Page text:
Teaching at university for doctoral students: raising awareness amongst the postgraduate community

Evidence from the past decade suggests that postgraduate research students (PGRs) are increasingly being used to support the teaching needs of an expanding UK higher education sector. This growth has both pros and cons. On the one hand, teaching opportunities can provide PGRs with valuable income and learning experiences, while on the other, the casual employment of PGRs raises issues of ‘exploitation’ and, if inadequately supported, lead to poor quality teaching.

Anna Pilz and I were recently invited to speak at an event held at Salford University for postgraduate student representatives. I am responsible for GTA training at Liverpool while Anna is a final year research student in the Institute of Irish Studies who has gained a range of teaching experiences during her postgraduate study. She is currently writing up her thesis on the topic of ‘Late 19th Century Irish Drama’.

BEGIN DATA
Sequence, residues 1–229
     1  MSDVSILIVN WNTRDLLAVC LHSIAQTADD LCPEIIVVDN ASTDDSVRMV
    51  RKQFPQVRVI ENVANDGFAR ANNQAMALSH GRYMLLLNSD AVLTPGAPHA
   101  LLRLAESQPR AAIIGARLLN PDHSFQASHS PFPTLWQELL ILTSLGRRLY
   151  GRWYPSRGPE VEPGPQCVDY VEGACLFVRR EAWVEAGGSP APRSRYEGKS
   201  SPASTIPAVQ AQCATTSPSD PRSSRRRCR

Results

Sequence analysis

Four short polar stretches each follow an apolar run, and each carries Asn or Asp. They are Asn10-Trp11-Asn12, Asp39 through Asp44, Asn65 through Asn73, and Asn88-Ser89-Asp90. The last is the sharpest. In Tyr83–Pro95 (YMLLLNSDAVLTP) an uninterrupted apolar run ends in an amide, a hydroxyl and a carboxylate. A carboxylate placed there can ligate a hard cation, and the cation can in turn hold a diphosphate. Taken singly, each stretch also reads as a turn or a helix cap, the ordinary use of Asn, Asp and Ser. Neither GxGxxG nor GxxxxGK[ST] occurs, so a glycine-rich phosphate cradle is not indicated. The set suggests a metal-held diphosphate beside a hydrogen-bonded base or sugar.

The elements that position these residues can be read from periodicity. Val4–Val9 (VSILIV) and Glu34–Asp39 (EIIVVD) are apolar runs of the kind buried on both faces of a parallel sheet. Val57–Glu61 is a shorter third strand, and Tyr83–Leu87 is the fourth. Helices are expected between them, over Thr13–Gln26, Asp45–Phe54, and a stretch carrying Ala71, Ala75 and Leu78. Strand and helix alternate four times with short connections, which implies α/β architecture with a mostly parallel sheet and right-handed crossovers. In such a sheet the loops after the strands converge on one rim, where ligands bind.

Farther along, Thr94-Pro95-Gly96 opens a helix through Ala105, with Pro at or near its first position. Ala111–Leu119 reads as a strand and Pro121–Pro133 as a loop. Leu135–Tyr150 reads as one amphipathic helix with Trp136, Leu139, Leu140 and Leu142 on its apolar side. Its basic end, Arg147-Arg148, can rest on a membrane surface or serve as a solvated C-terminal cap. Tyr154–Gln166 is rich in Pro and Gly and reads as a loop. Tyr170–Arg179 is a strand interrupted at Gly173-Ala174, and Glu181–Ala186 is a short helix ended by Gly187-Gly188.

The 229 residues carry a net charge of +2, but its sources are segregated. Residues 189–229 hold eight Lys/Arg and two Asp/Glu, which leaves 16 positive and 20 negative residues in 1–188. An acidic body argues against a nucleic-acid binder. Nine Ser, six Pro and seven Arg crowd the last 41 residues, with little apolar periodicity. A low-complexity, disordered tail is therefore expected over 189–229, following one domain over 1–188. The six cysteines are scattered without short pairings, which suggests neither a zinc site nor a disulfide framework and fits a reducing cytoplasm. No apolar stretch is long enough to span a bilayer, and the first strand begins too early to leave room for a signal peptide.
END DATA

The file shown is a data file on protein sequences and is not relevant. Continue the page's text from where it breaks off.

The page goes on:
The session, which was attended by representatives from throughout the North West Region, reviewed areas of teaching activity for postgraduate students and the potential benefits that this type of work offers. Discussion then went onto explore concerns about this form of teaching and how the postgraduate community could address these. This formed the basis for an agenda that participants could take forward into their practice. The session was very well received and is another example of the value of the good working relationship that exists between Educational Development and University of Liverpool Guild of Students.

Evidence from the past decade suggests that postgraduate research students are increasingly being used to support the teaching needs of an expanding UK higher education sector. This growth has both pros and cons. On the one hand, teaching opportunities can provide PGRs with valuable income and learning experiences, while on the other, the casual employment of PGRs raises issues of ‘exploitation’ and, if inadequately supported, lead to poor quality teaching.

Stuart McGugan